Yes I confess, I’m a marketer. Don’t hold it against me. This isn’t a ‘because I’m a hammer everything looks like a nail’ blog post. It’s not. I pinky swear promise.

Open Enrollment = Event Marketing

To me, open enrollment is like one big undertaking to market a high profile event. It’s the benefit communications equivalent of marketing Lollapalooza. (And if you’re a regular reader of this blog, you know how much we like music analogies).

Here’s what I mean:

If you’re in charge of marketing Lollapalooza (aka running open enrollment), you’re trying to convince your prospective customers (aka your employees) to spend some valuable currency (aka time and brain power) to attend Lollapalooza (aka participate in open enrollment to select their benefits) and forgo other concerts, music festivals and fun gatherings happening at the same time (aka doing their day-to-day jobs, figuring out what they’re doing for vacation or getting their kids ready for school the next day).

To further the Lollapalooza analogy (after all, you can’t get enough ‘Lolla’ – at least that’s what my teenagers tell me), Lollapalooza is an event with dozens of acts, and different acts appeal to different audiences. Everybody goes to Lollapalooza, but individuals go to see different acts spread across three days on five stages. For example, people who want to check out Black Tiger Sex Machine may not be that interested in Paul McCartney, and vice versa. But the marketers of Lolla want both audiences to attend.

Benefits enrollment is similar. Most everybody at your company will participate in open enrollment, but their reasons and motivations are different. And some are harder to convince than others. For example, someone who just had a first child is likely in a totally different place than someone who is 5 – 10 years from retirement or someone who has just joined the workforce. The trick is to appeal to the specific motivations for a unique audience so that they have compelling reasons to participate.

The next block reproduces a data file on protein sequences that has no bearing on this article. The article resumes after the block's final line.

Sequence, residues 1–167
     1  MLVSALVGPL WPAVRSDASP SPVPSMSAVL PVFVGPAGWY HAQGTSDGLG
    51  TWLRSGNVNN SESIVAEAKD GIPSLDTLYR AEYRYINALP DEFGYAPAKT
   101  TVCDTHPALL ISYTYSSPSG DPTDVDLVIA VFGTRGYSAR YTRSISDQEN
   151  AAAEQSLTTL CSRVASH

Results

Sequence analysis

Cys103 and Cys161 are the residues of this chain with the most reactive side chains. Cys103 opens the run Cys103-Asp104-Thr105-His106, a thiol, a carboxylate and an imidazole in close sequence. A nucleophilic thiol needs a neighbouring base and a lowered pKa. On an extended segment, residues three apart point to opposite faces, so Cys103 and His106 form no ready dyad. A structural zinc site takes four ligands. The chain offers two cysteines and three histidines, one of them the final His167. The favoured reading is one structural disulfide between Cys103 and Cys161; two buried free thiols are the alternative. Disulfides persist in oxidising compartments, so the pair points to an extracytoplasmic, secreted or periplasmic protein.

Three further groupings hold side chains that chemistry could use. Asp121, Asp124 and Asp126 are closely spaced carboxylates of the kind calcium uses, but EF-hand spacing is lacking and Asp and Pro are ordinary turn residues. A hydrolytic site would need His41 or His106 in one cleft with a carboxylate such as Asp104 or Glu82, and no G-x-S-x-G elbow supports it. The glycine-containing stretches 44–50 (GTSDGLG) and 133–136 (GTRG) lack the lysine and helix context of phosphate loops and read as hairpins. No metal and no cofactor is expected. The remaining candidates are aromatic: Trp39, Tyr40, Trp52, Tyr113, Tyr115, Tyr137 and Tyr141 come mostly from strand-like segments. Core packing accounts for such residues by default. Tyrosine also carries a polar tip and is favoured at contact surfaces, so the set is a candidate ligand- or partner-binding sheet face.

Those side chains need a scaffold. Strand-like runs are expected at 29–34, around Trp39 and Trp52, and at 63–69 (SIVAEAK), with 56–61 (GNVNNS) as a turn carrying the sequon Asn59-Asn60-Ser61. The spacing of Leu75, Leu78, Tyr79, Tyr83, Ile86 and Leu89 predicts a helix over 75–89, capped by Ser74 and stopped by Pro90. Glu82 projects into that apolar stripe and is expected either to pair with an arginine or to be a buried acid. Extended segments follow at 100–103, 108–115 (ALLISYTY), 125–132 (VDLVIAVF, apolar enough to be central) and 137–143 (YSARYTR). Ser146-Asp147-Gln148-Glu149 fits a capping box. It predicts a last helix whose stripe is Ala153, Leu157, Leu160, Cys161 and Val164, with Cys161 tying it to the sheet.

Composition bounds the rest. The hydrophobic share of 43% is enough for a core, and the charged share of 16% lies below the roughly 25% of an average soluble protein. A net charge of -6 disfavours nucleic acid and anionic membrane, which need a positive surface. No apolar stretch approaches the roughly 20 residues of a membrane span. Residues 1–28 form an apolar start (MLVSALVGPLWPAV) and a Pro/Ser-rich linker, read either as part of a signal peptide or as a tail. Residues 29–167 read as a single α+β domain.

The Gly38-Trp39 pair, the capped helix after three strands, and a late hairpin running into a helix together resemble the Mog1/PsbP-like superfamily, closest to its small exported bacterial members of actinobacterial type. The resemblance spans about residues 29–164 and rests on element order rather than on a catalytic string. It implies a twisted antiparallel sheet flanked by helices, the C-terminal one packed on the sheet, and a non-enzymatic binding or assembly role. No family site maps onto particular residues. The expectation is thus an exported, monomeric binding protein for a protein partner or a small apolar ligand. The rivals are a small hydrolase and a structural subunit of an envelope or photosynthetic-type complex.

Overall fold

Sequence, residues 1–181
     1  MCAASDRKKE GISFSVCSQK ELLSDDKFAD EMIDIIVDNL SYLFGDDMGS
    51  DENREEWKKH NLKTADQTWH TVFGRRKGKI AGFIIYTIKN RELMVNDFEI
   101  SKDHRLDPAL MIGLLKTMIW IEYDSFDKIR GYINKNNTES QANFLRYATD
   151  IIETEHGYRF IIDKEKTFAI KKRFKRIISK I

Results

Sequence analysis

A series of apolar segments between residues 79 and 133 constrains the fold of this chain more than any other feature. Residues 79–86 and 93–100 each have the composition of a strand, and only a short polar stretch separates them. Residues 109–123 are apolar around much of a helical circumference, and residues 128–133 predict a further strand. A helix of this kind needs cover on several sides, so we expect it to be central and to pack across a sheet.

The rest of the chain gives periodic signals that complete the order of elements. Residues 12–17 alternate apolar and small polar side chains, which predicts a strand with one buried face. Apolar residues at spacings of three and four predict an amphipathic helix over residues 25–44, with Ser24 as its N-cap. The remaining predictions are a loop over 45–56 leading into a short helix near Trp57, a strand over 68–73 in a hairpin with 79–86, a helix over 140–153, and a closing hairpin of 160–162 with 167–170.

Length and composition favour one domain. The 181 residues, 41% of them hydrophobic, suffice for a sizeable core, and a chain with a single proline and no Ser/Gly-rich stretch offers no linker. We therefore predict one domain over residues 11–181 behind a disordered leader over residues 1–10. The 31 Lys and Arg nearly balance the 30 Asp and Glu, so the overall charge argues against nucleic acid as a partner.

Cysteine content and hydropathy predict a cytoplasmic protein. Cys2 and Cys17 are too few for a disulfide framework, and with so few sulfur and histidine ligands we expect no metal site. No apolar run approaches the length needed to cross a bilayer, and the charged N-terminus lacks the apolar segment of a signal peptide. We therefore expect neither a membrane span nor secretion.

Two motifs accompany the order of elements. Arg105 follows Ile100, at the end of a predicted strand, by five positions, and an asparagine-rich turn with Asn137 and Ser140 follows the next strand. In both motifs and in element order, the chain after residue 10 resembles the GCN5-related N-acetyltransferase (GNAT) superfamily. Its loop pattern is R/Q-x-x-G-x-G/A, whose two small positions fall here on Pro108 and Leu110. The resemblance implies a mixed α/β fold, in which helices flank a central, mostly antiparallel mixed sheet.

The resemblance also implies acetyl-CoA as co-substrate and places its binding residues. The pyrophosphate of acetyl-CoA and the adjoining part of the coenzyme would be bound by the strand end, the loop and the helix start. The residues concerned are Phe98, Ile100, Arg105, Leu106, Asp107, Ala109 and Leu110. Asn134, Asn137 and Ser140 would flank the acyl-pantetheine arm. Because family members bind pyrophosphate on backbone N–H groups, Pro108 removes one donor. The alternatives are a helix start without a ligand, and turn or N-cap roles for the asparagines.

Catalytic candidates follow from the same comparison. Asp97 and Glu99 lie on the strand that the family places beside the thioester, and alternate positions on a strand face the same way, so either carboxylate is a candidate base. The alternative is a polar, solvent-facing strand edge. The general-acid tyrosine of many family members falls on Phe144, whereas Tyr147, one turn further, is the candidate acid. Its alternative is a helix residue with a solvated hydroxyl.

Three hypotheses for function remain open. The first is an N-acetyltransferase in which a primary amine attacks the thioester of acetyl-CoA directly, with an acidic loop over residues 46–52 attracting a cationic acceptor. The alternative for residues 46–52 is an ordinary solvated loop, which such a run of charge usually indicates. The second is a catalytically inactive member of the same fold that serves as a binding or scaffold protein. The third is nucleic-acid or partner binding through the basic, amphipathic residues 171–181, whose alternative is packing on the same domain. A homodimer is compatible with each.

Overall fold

So there you have it. Benefits communication (especially during open enrollment) is, at its core, a marketing challenge.

Now, you might be saying, ‘OK, that’s great Bob. But how does that help me? I’m not a marketer.’ Well, don’t fret. Over the next week on this blog, we’re going to give you a crash course on how to be a marketer (of benefits), and we’ll cover the 5 marketing steps you should take to make your ‘Benefitspalooza’ a true rocker. Here’s what we’ll be covering:

  1. Begin with the end in mind. Set your goals – but not too many of them – and share them with your team and your boss.
  2. Don’t be boring! How to create messaging that sticks.
  3. See the world through your employees’ eyes – and then message to them in language that they’ll be motivated by. Segment your audience – and customize your message to appeal to specific, audience-based motivations.
  4. Know what you’re doing and when – way before you start. Schedule your communication plan, hit your audiences from multiple directions – and don’t be afraid to sprinkle in some out-of-the-box communication tactics.
  5. Track everything. Execute, measure and collect feedback. Course correct if you’re program isn’t going as expected, and collect information that you can use next year.

For more in-depth ideas on these 5 steps, check out our series “The Open Enrollment Marketing Crash Course.”